The Iran Hostage Crisis ended on this day in 1981, after lasting 444 days. If Mark Bowden’s Guests of the Ayatollah (2006) is the definitive chronicle of the larger ordeal, Robert Wright’s Our Man in Tehran (2010), based on recently unclassified documents and first-person interviews, may be required reading for the side story of Ken Taylor, the “Scarlet Pimpernel” of the “Canadian Caper” in which, three months into the crisis, six American diplomats were covertly rescued. Wright’s account begins on the morning of September 11, 2001, with Taylor and his wife at a ferry terminal across the Hudson River from the events in Manhattan; having just returned on one of the last flights allowed to land that day, Taylor gazed at the carnage in shock, but not in surprise:
As he watched the World Trade Center collapse in a heap of ash and twisted steel…Taylor recalled with visceral intensity how two decades earlier a band of nameless students had become national heroes in Iran for taking one hundred American diplomats hostage. September 11 would usher in a brave new world of stateless, lawless terrorism, but for Taylor, the true catalyst had come on November 5, 1979, the day Ayatollah Ruhollah Khomeini gave his blessing to the students’ occupation of the U. S. embassy compound in Tehran, transforming a short-term “set-in” into an interminable crisis. “March forward bravely and deal with devilish American power!” the ayatollah told his young followers. With this pronouncement, Taylor knew that Khomeini had set in motion “a war with no holds barred.”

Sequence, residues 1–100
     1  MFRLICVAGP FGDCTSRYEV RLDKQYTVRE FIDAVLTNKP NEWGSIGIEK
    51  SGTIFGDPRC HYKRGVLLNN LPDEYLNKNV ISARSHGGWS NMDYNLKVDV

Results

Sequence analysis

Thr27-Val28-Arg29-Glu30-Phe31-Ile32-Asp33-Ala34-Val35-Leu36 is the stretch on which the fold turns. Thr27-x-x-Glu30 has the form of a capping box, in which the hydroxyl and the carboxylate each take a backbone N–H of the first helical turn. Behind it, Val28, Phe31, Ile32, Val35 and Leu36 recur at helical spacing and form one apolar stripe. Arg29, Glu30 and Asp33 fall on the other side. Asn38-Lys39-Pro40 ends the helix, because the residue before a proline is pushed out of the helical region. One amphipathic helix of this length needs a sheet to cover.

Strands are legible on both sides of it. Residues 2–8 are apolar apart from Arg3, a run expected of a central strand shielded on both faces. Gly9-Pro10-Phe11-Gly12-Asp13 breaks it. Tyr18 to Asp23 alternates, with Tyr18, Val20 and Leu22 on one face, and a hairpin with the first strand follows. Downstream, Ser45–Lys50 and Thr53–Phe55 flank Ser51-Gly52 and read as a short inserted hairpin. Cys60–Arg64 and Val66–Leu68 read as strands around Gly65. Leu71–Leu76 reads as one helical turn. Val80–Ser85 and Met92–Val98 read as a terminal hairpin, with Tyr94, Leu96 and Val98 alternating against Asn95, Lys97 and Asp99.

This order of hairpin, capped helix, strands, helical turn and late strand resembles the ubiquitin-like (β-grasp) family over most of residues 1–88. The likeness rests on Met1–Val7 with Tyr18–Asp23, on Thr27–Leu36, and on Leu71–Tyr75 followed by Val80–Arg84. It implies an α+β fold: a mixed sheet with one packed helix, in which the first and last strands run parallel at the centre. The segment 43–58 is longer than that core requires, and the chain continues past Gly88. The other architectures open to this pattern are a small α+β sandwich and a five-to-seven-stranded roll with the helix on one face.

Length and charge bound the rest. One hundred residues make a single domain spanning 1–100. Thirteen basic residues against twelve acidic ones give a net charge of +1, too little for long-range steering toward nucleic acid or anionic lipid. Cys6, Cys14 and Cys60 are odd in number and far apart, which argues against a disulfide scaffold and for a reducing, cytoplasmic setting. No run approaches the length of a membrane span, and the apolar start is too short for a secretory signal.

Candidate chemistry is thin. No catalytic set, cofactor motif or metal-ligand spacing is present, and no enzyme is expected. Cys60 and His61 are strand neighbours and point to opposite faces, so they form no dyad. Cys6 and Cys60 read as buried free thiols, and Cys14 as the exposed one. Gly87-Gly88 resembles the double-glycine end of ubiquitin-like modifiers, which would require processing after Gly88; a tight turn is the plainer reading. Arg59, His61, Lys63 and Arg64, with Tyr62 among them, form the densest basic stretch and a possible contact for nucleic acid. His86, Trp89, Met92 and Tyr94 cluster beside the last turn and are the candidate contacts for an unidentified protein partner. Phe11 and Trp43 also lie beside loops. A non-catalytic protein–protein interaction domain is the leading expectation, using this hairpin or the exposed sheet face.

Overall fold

Terry Waite was taken into captivity on this day in 1987 while attempting to negotiate his third hostage release, this time in Lebanon. Taken on Trust, Waite’s book about his four-year ordeal, begins with his detailed recollection of his capture and the broken trust behind it:
It was because my contact gave me his word “as a Muslim” that I had decided to trust him. I peered through the side windows of the car. Every minute or two a brilliant flash of light illuminated the surrealistic landscape. Only an El Greco could have captured the stark drama of the scene. The pain, the horror, the light, the shadows, the beauty, and behind it all a people suffering, weeping, dying. Suddenly, without warning, the driver pulled the car to the side of the road.
“Why do we stop here?”
“You must get out — we have a puncture.”
I knew he was lying….
Daybook is contributed by Steve King, who teaches in the English Department of Memorial University in St. John’s, Newfoundland. His literary daybook began as a radio series syndicated nationally in Canada. He can be found online at todayinliterature.com.